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The five ways lightning can strike people in dramatic clips from National Weather Service

In severe weather conditions such as stormy weather, there is always potential for lightning strikes to occur. In order to stay as safe as possible in a storm the National Weather Service has created a series of cartoon clips to help demonstrate what to do in a weather emergency.

In Britain, lightning strikes the ground about 300,000 times a year, according to The Royal Society for the Prevention of Accidents. For a climber, fisher, walker or golfer, this is a risk that must be considered. Although there’s no “absolute protection” from lightning, measures can be taken to reduce the risk of getting struck and the injury severity.

The National Weather Service explains the five ways lighting strikes people include: A direct strike, side flash, ground current, conduction and streamers.

1) Direct Strike

These are not common but are the most deadly. This is when a person struck by lightning becomes part of the main lightning discharge channel and it occurs when victims are in open areas. The heat produced when lightning moves over the skin can produce burns, but the current moving through the body can be lethal.

2) Side Flash

This occurs when lightning strikes a taller object near the victim and a portion of the current jumps from a taller object to the victim. The person essentially acts as a “short circuit” for some of the energy. If you are within a foot or two of the object struck this can occur – most often if you are taking shelter under a tree to avoid the rain.

3) Ground Current

Anyone outside near a lightning strike can be a victim of ground current. It can travel on garage floors with conductive materials. It affects a large area and also causes the most lightning deaths and injuries, including farm animals.

Typically, lightning enters the body at the contact point, travels through the body’s cardiovascular and nervous systems, and exits the body at the contact point furthest from lightning.

The greater the distance between the contact points, the greater the potential for a serious injury.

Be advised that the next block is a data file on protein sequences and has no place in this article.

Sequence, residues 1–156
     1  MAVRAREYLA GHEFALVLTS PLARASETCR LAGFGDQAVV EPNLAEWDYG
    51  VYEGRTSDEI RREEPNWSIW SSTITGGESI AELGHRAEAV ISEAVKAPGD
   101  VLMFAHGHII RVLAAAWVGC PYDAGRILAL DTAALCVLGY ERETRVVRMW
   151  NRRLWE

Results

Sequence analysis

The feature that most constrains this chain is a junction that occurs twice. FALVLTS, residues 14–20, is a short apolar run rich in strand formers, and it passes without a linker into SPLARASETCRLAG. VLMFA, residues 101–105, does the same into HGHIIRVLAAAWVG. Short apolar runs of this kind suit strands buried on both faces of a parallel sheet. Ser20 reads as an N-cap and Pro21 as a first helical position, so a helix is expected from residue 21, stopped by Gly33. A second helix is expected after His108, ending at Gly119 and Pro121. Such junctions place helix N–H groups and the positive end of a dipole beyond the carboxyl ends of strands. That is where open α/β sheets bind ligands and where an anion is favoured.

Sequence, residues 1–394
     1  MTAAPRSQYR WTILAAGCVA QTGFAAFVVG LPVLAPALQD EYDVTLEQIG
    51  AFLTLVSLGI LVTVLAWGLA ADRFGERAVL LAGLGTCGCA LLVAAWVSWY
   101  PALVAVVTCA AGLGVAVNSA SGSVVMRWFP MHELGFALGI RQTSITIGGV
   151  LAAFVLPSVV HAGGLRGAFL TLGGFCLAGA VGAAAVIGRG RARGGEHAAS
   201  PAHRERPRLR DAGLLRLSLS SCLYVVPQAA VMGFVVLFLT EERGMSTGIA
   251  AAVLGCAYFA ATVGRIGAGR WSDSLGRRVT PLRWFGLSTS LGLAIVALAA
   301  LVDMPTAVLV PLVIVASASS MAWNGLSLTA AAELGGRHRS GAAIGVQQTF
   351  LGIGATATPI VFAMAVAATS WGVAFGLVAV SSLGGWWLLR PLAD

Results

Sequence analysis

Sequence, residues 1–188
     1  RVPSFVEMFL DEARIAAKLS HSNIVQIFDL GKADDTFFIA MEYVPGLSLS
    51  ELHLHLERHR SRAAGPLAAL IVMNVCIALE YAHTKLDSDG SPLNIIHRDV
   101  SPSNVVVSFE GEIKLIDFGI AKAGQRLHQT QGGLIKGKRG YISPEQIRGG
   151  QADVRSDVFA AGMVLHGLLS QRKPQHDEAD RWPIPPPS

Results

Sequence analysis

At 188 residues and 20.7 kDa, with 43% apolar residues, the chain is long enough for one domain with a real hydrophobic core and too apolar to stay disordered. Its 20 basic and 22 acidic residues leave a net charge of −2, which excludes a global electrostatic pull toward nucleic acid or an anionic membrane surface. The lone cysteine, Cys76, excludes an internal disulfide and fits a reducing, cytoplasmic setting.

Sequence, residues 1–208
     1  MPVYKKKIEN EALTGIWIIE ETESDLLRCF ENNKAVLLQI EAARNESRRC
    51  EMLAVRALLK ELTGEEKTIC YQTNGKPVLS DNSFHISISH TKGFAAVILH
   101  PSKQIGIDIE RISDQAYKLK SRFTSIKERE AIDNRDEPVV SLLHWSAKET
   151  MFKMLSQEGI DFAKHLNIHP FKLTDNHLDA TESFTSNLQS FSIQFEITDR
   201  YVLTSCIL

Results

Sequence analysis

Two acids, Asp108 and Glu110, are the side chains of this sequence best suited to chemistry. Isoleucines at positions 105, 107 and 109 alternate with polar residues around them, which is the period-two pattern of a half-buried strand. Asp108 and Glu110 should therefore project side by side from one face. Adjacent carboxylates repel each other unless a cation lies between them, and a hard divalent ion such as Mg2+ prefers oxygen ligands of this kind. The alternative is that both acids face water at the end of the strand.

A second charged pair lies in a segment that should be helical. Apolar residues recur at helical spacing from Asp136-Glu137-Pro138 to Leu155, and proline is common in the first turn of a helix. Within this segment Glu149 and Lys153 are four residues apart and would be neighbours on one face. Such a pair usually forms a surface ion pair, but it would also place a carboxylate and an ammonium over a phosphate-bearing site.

4) Conduction

Metal does not attract lightning, but it provides a path for the lightning to follow. Most indoor lightning casualties and some outdoor casualties are due to conduction.

Whether inside or outside, anyone in contact with anything connected to metal wires, plumbing, or metal surfaces that extend outside is at risk. This includes anything that plugs into an electrical outlet, sinks and showers, corded phones, and windows and doors.

5) Streamers

People caught in “streamers” are at risk of being killed or injured by lightning. Streamers develop as the downward-moving leader approaches the ground. Typically, only one of the streamers makes contact with the leader as it approaches the ground and provides the path for the bright return stroke.

However, when the main channel discharges, so do all the other streamers in the area. If a person is part of one of these streamers, they could be killed or injured during the streamer discharge even though the lightning channel was not completed between the cloud and the upward streamer.

If you witness an injury because of a lightning strike you must call for immediate medical attention. Calling 999, starting CPR, and using an AED are critically important to keep the person alive until advanced medical care arrives.

For more information on safety during a storm, visit the National Weather Service for further details on lightning strikes.



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